Today the European Commission released its annual reports on the progress made towards accessing the EU. The documents assess recent evolutions in all areas related to the European Union, including fundamental rights in each of the four candidate countries (Croatia, Iceland, the Former Yugoslav Republic of Macedonia, Turkey) and five potential candidates (Albania, Bosnia and Herzegovina, Kosovo, Montenegro, Serbia).
The reports present a nuanced picture of the situation for lesbian, gay, bisexual and transgender (LGBT) people in accession countries. Although some progress has been made, the great majority of accession countries still fall short of EU standards for the fundamental rights of LGBT people.
All candidate countries apart from Iceland raised some concern. In Croatia, it was noted that LGBT people face threats and attacks. Macedonian law-makers failed to include sexual orientation in the list of grounds protected from discrimination. And Turkey is cause for concern with a very high number of transgender people murdered; the abusive fining of transgender people; and administrative obstacles used against the registration of LGBT associations.
Among potential candidate countries, Albania has seen positive developments in the building up of civil society organisations and progressive anti-discrimination laws, even though intolerance remains very widespread. Bosnia and Herzegovina saw its imperfect anti-discrimination law left untouched, and hateful harassment unpunished by authorities. The government of Kosovo ran a campaign against discrimination, yet discrimination ‘on the ground’ has continued. Montenegro was the site of positive legal advances which have yet to be implemented. And Serbia was praised for allowing a Pride parade to go on peacefully for the first time.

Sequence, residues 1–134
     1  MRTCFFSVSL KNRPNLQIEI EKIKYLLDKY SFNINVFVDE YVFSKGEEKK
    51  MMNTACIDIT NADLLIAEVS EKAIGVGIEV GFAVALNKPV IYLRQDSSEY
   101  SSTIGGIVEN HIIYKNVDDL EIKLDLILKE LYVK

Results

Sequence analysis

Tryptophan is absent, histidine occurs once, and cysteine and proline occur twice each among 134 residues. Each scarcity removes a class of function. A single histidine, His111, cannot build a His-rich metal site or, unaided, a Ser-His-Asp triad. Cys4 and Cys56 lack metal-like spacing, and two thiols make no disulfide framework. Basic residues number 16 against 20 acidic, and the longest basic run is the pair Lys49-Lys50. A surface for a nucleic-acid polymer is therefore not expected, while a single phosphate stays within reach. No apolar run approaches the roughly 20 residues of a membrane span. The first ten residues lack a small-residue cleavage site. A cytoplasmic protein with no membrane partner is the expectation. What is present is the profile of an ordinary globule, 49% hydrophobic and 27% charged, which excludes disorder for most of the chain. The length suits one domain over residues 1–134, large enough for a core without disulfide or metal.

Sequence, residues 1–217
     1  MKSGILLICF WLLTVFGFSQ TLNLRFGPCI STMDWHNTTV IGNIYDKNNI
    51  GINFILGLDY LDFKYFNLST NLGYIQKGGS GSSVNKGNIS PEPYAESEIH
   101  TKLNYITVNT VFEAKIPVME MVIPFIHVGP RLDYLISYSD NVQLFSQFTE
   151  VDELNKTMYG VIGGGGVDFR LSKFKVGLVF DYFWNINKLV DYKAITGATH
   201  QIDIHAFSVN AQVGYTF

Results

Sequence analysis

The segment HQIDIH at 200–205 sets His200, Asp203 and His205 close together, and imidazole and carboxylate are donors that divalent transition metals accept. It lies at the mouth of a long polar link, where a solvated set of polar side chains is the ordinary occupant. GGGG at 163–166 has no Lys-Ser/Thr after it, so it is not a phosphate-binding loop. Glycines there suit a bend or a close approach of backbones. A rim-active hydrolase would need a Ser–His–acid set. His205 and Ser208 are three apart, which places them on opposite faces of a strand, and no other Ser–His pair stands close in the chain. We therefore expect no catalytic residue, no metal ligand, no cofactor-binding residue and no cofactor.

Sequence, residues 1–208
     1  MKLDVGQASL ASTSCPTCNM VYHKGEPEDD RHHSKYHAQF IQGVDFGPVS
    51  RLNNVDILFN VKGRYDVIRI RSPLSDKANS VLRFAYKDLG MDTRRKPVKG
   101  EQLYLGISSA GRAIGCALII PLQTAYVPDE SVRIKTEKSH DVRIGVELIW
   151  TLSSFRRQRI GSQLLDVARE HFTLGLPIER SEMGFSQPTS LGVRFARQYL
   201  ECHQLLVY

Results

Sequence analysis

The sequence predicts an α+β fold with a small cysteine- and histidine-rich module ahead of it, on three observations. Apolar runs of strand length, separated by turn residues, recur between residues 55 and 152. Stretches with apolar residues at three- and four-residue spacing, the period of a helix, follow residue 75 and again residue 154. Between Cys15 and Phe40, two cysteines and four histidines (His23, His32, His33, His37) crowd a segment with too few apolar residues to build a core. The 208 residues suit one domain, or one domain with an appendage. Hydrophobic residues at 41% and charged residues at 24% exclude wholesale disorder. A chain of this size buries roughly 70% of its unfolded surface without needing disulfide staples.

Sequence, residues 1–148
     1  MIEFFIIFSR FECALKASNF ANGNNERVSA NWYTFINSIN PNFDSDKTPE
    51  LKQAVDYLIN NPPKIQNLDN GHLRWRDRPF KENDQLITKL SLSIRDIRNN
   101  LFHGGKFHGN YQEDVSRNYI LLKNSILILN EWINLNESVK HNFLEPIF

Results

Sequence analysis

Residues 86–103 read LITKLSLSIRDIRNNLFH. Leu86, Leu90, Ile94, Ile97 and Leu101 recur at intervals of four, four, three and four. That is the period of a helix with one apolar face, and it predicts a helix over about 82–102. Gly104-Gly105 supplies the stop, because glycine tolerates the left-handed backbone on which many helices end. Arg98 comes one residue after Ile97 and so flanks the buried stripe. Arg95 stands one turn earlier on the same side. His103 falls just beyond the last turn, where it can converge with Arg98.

Ulrike Lunacek MEP (Co-President of the LGBT Intergroup and Foreign Affairs Spokesperson for the Greens/EFA) and Michael Cashman MEP (Co-President of the LGBT Intergroup), welcomed the publication of the reports: “We’re very pleased Commissioner Füle made a point of including LGBT issues in each report, sometimes extensively. Now for the real deal: accession states have to work along the lines of EU integration. And to be sure, the European Parliament will be present, both to help and to stress the importance of non-discrimination and equal rights.”
The European Parliament will now produce its own position for each candidate country, to be adopted in February 2011.Posted in: Press releases, Recent news